May 05, 2015 | Kelsey Dallas Deseret News | Living well


Annoying tips for handling weighty issues

Is it just me, or is it getting harder to lose weight? In my younger years, dropping a few pounds simply meant drinking more water and running an extra 10 minutes each day for a couple of weeks. Now that I am older, my efforts often bring about disappointing results.

May 05, 2015 | Amy Osmond Cook FamilyShare | Living well


Pleurisy: the lung condition that mimics a heart attack

Pleurisy is inflammation of the membrane between your lungs and ribs, or pleura. The condition, which makes breathing both difficult and painful, often mimics the symptoms of a heart attack.

May 05, 2015 | Suzanne Carlile KSL | Living well


A different view of the parable of the talents

Many people have heard of the New Testament parable of the talents found in Matthew 25. A guy heads out of town and leaves some of his cash with three employees. To one he gives five talents, to another he leaves two talents, and he bestows on the last of the trio a single talent.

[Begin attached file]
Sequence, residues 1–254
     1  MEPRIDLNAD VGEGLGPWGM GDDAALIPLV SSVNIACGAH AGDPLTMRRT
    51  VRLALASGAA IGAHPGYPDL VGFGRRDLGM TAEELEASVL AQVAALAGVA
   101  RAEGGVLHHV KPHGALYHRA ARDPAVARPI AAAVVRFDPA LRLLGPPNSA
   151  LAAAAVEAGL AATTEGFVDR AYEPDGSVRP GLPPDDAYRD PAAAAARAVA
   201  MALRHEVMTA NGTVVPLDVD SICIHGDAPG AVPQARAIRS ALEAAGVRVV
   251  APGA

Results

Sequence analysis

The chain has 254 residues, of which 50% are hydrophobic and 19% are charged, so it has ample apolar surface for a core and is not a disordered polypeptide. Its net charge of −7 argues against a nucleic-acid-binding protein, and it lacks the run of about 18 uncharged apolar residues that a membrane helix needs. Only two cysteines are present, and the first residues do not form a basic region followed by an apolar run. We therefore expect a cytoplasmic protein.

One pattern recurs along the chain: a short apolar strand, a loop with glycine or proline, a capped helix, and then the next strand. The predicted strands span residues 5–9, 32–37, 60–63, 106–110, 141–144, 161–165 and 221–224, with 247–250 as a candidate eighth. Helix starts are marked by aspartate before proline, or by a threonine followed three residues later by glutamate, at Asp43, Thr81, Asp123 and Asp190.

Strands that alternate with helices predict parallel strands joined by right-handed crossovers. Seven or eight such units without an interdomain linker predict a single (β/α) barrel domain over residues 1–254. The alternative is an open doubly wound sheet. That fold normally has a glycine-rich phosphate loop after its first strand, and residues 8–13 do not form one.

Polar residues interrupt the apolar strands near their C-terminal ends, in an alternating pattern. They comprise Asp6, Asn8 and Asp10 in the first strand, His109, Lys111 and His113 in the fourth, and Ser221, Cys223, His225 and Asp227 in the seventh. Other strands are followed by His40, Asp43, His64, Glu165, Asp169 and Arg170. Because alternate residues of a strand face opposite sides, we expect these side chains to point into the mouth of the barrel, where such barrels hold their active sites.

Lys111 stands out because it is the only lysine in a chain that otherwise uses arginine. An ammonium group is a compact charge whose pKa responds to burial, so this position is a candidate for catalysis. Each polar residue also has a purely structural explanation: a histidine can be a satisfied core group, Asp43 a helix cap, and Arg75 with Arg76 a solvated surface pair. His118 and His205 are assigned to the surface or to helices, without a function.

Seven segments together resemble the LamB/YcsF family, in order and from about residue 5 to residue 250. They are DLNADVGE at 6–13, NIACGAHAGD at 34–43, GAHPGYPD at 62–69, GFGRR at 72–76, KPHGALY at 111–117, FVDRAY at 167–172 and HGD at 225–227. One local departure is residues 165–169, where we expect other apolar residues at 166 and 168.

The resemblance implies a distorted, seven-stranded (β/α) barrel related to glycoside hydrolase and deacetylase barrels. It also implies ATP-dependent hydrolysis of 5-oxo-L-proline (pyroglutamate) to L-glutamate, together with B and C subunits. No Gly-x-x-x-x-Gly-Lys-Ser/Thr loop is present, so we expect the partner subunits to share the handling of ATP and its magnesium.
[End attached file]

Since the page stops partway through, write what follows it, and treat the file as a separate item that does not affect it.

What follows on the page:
April 30, 2015 | Joseph Cramer, MD Deseret News | Living well


As Sierra Leone emerges from Ebola crisis, new innovations are helping poor villages

A year after Ebola devastated swaths of Sierra Leone, killing more than 10,000 people in the region, life in the West African nation is slowly returning to normal. While the deadly pathogen has not been completely eradicated, the number of new cases has slowed to a trickle, and when the country's president, Ernest Bai Koroma, visited Washington this week, he said it was time to turn the focus beyond Ebola.

April 29, 2015 | Kimberly Curtis Deseret News | Living well


Abuse of ADHD drugs expands beyond campuses

A recent report from The New York Times revealed an unsettling development in America's relationship to ADHD drugs: Stimulant abuse has arrived in the world of business.